metre). Its solar arrays, spanning 14 metres, will deliver 1.9 kW of
power, about 75% of which will be used for the probe's 'solar electric'
propulsion system.

In its role as technological demonstrator, SMART-1's primary goal is to
test this new solar electric propulsion system. This is a form of
continuous low-thrust engine that uses electricity derived from solar
panels to produce a beam of charged particles that pushes the
spacecraft forward. Such engines are commonly called ion engines, and
engineers consider them essential for future, long-range space
missions. SMART-1 will also test miniaturised spacecraft equipment and
instruments, a navigation system that, in the future, will allow
spacecraft to autonomously navigate through the solar system, and in
addition to a new short-wavelength communication system, a space
communication technique by means of which SMART-1 will try to establish
a link with the Earth using a laser beam.

Once it enters into a near-polar orbit around the Moon in January 2005,
SMART-1 will also become a science platform for lunar observation.
SMART-1 will search for signs of water-ice in craters near the Moon's
poles, provide data to shed light on the still uncertain origin of the
Moon, and reconstruct its evolution by mapping its topography and the
surface distribution of minerals and key chemical elements.

SMART-1 will be the second ESA-led planetary mission to be launched in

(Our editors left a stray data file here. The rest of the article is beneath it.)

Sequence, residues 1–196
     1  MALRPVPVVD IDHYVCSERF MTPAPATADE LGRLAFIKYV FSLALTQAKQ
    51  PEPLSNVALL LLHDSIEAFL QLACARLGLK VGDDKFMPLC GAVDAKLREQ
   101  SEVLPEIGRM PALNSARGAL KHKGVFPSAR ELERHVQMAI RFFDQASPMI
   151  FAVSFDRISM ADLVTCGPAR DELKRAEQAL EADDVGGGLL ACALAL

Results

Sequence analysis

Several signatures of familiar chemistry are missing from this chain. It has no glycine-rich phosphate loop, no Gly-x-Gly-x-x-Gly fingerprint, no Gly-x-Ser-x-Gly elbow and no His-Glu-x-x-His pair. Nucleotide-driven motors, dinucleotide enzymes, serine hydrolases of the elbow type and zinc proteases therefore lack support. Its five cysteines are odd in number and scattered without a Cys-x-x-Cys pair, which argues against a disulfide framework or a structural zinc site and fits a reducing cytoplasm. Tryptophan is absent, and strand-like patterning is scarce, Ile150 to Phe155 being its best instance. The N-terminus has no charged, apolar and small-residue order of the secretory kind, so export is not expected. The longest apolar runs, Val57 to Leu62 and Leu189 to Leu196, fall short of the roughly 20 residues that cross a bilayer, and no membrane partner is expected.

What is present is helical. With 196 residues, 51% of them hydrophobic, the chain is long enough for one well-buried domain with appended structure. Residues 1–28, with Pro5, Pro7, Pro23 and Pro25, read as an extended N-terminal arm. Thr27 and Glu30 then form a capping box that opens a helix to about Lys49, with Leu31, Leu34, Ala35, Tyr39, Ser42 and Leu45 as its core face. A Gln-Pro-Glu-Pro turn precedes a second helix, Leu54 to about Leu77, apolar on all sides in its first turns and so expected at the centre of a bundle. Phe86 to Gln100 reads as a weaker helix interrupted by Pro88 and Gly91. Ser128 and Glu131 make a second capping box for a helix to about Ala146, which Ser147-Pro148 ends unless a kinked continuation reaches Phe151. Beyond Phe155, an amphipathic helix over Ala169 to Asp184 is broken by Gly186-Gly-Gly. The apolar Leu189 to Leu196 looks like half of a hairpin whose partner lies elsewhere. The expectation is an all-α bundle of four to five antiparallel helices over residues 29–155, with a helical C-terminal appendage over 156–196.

2003 after Mars Express in June.

[ANS thanks European Space Agency for the above information.]


SB SAT @ AMSAT $ANS-236.03
Nigeria to Launch own Satellite Next Month

AMSAT News Service Bulletin 236.03 From AMSAT HQ

SILVER SPRING, MD.  August 24, 2003
BID: $ANS-236.03

Nigeria will next month launch its own satellite, to be used for
surveillance and data gathering, Nigeria's Science and Technology
minister said Wednesday.

The remote sensing satellite will be launched in Russia but mission
control and ground station monitoring will be based in Abuja.

He said a deal for the 13-million-dollar project was sealed in November
2000, adding that 15 Nigerian engineers and scientists had been trained
to handle it.

[ANS thanks Space Daily for the above information.]


SB SAT @ AMSAT $ANS-236.04
Japan to Launch 18 Satellites

AMSAT News Service Bulletin 236.04 From AMSAT HQ
SILVER SPRING, MD.  August 24, 2003

BID: $ANS-236.04

Japan plans to launch 18 earth orbiters, including four spy satellites,
through 2007 under a newly arrayed schedule of rockets shots, an
official says.

The first of the spy satellites is scheduled for launch next month,
with others slated for 2004, 2005 and 2006.

The schedule forms the basis for space exploration policy after the
nation's three aerospace agencies merge this October into the Japan
Aerospace Exploration Agency, said the deputy director of space
development at the ministry of science and education.

Among the planned missions: A moon observation satellite, a sun
observation satellite, two star observation satellites, a broadband
Internet satellite, a greenhouse gas monitoring satellite, a weather
satellite and an orbiter to monitor rainfall.

[ANS thanks Florida Today for the above information.]


ANS is released worldwide via the AMSAT ANS e-mail reflector and a live
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This week's ANS Editor:
Scott Lindsey-Stevens, N3ASA